Not all kitchens are created equally. If you have ever cooked, baked, or prepared a meal in a really well-designed kitchen (or a horribly designed kitchen) then you probably took notice of how much the layout of your kitchen can affect the efficiency of the work you do. For decades the “Kitchen Work Triangle” was the go-to way to design the layout of your kitchen.
The concept of the kitchen work triangle is the thought that in a properly designed kitchen you should be able to draw an imaginary line between the center of the refrigerator, the center of the sink, and the center of the range or cooktop. This idea was developed in the forties to increase the efficiency of work in the kitchen. There is a lot of thought behind the kitchen work triangle. Much of the cooking and cleaning that goes on in the kitchen will involve walking between the three major appliances so by adhering to the work triangle you should, in theory, be able to get more work done in less time or with less effort.
There are a number of other rules that go along with designing a kitchen work triangle. Some are more of suggestions rather than rules.
- If you add up the total sum of the work triangle’s sides they should be 26 feet or less.
- Each leg of the work triangle should measure somewhere between 4 and 9 feet.
- Any obstructions to the sides of the work triangle, like tables or islands, should be minimal. (12 inches at most)
- No major foot traffic should pass through the triangle.
- A sink should have clear counter space consisting of at least 24 inches on at least one side.
- A refrigerator should have clear counter space consisting of at least 15 inches on the handle side.
- A stove or cooktop should have clear counter space consisting of 12 to 15 inches on either side.
The kitchen work triangle can improve the workflow of most kitchens regardless of the layout. Naturally, the kitchen work triangle works best in the U-shaped kitchen. The three distinct runs provide numerous options for where to place your appliances and still work within the rules of the work triangle.
The L-shaped kitchen also provides good placement options for your appliances. It is easy to make the triangle work in this layout but keep the third rule about obstructions in mind because L-shaped kitchens so often feature larger islands.
The galley kitchen is usually a little more constrained than the other two popular layouts but it too can utilize the kitchen work triangle and maximize efficiency.
Unfortunately the kitchen work triangle is not always possible. In small apartments, the lesser rules that dictate the desired counter space that should accompany each major appliance is optimistic at best. Even if you lack the space needed to have a truly efficient work triangle, you can still have a fairly usable kitchen by sticking to as many of the rules as possible.
In many of today’s more modern kitchen designs, there has been a slight departure from the kitchen work triangle. New homes are being designed with one great room that combines the living room, dining room, and kitchen into one open space. These open designs often focus more on the kitchen as a social area for entertaining. Large areas of the kitchen are reserved for bar-like dining areas on the back sides of peninsulas or large islands.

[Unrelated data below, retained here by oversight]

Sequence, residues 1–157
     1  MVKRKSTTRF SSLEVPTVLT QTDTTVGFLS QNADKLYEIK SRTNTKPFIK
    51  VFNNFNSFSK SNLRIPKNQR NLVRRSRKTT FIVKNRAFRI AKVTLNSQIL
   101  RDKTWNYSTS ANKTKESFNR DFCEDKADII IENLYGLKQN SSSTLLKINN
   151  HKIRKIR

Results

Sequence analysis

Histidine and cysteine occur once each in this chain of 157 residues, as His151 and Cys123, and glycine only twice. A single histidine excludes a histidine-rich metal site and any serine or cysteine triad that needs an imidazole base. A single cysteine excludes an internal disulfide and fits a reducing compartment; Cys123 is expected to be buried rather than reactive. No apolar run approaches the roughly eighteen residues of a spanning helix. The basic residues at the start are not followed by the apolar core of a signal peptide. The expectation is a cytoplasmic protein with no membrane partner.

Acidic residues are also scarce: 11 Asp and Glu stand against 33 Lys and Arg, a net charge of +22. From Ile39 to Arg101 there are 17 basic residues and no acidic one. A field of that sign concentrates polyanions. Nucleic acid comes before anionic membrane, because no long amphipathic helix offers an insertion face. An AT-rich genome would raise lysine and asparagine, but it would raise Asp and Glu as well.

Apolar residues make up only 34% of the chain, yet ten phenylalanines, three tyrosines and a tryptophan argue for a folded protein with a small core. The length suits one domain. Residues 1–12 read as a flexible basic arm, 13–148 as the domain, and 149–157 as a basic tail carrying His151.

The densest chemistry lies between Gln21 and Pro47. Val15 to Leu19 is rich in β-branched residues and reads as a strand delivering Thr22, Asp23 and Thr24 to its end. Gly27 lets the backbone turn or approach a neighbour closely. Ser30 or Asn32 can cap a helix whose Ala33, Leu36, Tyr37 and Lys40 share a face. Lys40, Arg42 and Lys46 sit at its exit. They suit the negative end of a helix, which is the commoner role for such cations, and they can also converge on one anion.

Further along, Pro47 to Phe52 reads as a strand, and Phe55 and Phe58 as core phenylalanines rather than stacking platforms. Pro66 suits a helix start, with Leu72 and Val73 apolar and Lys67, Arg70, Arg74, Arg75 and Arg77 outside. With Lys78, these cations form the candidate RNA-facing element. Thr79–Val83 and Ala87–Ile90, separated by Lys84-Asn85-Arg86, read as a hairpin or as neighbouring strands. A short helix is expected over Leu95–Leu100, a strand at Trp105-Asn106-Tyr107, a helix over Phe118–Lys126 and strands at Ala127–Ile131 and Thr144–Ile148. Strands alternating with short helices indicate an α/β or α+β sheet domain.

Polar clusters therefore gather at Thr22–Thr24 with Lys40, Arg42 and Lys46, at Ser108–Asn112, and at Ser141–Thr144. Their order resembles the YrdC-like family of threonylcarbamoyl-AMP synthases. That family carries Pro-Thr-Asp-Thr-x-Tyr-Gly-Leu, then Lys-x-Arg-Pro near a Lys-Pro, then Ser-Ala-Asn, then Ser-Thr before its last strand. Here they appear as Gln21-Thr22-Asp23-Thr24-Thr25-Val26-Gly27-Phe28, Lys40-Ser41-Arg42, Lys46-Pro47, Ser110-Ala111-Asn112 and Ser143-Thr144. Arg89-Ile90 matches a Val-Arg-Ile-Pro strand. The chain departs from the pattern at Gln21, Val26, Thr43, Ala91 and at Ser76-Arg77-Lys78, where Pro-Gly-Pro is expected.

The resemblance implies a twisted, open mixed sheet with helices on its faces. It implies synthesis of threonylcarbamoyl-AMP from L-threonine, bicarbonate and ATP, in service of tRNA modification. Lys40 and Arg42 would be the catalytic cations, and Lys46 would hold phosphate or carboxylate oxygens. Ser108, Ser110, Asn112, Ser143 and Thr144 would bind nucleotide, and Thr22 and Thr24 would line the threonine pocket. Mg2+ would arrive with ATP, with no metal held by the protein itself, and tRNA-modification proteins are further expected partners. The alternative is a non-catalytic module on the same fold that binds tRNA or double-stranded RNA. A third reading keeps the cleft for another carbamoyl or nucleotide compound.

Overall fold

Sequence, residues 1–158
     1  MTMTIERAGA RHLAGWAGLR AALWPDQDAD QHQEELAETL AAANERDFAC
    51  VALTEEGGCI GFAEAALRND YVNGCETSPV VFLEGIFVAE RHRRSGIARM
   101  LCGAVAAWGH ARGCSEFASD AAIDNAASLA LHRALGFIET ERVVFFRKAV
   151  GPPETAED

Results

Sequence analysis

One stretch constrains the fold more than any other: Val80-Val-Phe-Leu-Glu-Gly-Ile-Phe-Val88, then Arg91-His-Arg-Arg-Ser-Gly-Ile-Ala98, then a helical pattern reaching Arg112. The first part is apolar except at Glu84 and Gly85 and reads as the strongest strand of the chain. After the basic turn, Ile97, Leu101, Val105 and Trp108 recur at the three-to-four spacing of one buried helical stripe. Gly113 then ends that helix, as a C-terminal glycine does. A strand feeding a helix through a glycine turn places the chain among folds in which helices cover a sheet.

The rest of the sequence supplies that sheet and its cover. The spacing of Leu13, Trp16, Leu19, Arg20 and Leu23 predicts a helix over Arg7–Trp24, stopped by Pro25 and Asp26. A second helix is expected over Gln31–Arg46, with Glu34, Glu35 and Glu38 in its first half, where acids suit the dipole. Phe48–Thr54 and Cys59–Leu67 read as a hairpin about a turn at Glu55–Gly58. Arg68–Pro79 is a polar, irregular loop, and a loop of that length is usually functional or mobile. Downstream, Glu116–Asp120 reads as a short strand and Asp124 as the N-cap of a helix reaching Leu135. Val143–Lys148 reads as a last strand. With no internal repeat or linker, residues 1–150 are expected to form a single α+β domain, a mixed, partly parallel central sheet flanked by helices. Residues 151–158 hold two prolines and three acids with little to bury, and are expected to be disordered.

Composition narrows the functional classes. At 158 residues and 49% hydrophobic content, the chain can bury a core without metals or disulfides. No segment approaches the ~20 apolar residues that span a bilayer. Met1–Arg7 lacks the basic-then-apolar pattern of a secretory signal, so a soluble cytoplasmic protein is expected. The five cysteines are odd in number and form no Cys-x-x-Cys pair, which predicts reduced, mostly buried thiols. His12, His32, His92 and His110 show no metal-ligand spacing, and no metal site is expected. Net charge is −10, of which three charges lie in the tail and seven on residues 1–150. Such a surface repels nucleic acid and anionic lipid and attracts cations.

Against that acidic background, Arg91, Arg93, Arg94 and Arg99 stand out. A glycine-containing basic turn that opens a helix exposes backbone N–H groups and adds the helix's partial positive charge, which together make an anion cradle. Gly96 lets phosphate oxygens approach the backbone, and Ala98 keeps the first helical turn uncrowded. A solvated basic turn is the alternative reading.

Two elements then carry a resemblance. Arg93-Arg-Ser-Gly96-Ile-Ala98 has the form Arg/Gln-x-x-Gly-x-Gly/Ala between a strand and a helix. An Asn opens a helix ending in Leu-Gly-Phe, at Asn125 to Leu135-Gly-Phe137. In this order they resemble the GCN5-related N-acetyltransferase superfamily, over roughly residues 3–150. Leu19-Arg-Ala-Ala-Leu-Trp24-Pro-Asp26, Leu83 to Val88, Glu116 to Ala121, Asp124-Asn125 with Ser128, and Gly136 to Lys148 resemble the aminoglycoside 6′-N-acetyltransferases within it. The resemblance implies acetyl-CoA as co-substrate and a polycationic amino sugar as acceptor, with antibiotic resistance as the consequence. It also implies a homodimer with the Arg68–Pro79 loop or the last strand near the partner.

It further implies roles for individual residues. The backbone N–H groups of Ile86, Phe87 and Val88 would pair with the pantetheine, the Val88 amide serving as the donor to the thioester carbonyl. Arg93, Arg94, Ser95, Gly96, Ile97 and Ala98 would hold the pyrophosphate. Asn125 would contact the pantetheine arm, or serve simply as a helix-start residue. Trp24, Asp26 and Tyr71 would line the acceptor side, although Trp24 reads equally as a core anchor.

Most of these kitchens still incorporate many of the rules of the kitchen work triangle but there is a clear focus on making the kitchen a multi-functional space. If your kitchen is particularly large, the kitchen work triangle may not be the best way to design your kitchen. Most larger kitchens, especially ones designed to have more than one person cooking at once, will go with a work zone design in favor of a kitchen work triangle.
I never put much stock in the idea of the work triangle until I moved out of my parents’ house. As someone who likes to cook and bake, I was fortunate to grow up in a house with a nice U-shaped kitchen that adhered to the kitchen work triangle. The left run had a large spacious cooktop, the right run was a massive pantry area with the refrigerator, and finally, the sink was centered on the middle run of the kitchen. My mother often wished for a kitchen island but I doubt there would have been adequate space for it. A stark contrast to that kitchen, the house I currently live in has a kitchen that, from a design standpoint, is barely functional.
My current kitchen has a small galley layout with a sink centered on one run while the range and refrigerator both sit side-by-side on the end of the other run. At best, the longest side of the “triangle” that is formed by this design is about 4 feet. This workspace is entirely too small but to make matters worst, the tiny triangle is also a major intersection of a hallway, kitchen, living room, and the only working bathroom in the house.
If you are planning on remodeling your kitchen you should think about all the rules of the kitchen work triangle. Even if your particular needs do not require a traditional work triangle design, keeping these rules in mind will help you design a layout that will be efficient enough for you to enjoy the time you spend in your kitchen.